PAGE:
## Introduction

Binary Coded Decimal or BCD is a system of representing decimal numbers using binary notation. In BCD, each decimal digit is represented by a four-bit binary code. BCD was commonly used in early digital computers and is still used in some specialized applications, such as in electronic calculators and digital clocks.

## Characteristics

BCD is a self-contained system that can be used to perform arithmetic operations on decimal numbers using binary logic circuits. Each decimal digit is represented by a unique combination of four bits, allowing easy conversion between binary and decimal representations.

## Construction

BCD is constructed by dividing each decimal digit into two parts, with the most significant digit represented by the four high-order bits and the least significant digit represented by the four low-order bits. Each digit is then represented by a unique four-bit code, as shown in the table below.

## Working

BCD works by using binary addition to perform arithmetic operations on decimal numbers. To add two BCD numbers, the four bits representing each decimal digit are added together using binary addition. If the result of the addition is greater than 9 (the maximum value for a single decimal digit), the carry from that digit is added to the next higher-order digit.

## Procedure

To convert a decimal number to BCD, each decimal digit is represented by its four-bit BCD code. To convert a BCD number to decimal, each group of four bits is converted to its decimal equivalent, and the resulting decimal digits are combined to form the final decimal number.

## Rules

BCD has the advantage of being easy to understand and implement, but it has some limitations. One limitation is that BCD requires more bits to represent a given number than traditional binary notation, which can be inefficient in terms of memory usage.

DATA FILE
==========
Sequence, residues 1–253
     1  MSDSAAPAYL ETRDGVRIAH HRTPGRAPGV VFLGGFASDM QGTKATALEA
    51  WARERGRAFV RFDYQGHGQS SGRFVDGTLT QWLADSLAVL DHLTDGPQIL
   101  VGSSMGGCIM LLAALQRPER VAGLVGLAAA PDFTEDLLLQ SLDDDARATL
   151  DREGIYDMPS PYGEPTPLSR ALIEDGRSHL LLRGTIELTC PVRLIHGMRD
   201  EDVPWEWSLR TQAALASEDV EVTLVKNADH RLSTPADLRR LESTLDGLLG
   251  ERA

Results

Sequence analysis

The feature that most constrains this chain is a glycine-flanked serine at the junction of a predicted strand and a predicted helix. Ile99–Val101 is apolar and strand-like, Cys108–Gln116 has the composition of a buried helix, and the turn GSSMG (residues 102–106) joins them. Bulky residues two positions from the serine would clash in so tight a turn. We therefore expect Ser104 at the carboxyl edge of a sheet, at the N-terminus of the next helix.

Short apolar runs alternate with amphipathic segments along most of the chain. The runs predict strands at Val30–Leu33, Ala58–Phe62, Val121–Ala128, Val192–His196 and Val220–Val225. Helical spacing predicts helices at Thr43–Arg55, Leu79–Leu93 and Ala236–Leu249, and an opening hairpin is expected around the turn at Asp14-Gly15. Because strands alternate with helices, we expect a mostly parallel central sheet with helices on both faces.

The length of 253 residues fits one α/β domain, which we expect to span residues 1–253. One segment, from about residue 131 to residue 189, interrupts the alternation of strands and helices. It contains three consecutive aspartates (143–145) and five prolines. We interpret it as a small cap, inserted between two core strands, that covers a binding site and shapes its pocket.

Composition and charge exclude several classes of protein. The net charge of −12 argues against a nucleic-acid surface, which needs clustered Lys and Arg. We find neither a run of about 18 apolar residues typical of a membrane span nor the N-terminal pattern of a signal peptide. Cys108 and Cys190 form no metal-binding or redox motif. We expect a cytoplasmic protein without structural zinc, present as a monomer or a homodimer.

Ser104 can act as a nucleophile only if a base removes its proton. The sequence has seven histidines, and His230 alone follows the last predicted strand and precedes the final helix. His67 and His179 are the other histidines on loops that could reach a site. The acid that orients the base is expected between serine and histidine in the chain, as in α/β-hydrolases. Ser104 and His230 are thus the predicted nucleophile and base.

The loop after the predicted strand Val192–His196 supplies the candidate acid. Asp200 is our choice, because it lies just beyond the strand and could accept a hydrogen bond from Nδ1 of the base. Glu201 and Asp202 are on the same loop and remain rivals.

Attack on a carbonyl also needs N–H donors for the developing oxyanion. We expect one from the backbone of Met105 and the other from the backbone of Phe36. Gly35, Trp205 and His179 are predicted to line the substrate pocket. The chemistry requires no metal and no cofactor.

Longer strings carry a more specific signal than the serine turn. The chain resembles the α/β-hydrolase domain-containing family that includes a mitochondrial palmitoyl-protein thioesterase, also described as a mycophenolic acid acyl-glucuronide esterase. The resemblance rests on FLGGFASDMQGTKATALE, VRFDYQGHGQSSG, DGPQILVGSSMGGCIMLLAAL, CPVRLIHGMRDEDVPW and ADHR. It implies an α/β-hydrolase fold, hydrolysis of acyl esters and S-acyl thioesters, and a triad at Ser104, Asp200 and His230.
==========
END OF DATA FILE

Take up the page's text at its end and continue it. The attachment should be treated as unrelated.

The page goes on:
## Formula

There is no specific formula for BCD, as it is simply a way of representing decimal numbers using binary notation.

## Need

The need for Binary Coded Decimal (BCD) arises from the requirement to represent decimal numbers in digital systems. In many applications, decimal numbers are commonly used, such as in finance, accounting, and timekeeping, and therefore, it is necessary to represent decimal numbers in digital form.

The following are some specific needs for BCD:

- Decimal representation: BCD allows for the direct representation of decimal numbers in digital form, which is important in applications where decimal numbers are commonly used.
- Accuracy: BCD provides an accurate representation of decimal numbers, which is critical in applications such as accounting and finance.
- Ease of use: BCD is easy to understand and work with since it is based on the familiar decimal numbering system.
- Compatibility: BCD is compatible with many digital systems, making it a widely used format for representing decimal numbers.
- Efficient processing: BCD can be processed using simple arithmetic operations, making it easy to integrate into digital systems and efficient to process.
- Human-readable output: BCD can be easily converted back into decimal form, making it easy to display the output of digital systems to humans.

## Applications

- Electronic calculators
- Digital clocks and watches
- Point of sale (POS) systems
- Industrial control systems
- Medical equipment
- Aviation and aerospace systems
- Banking and financial systems.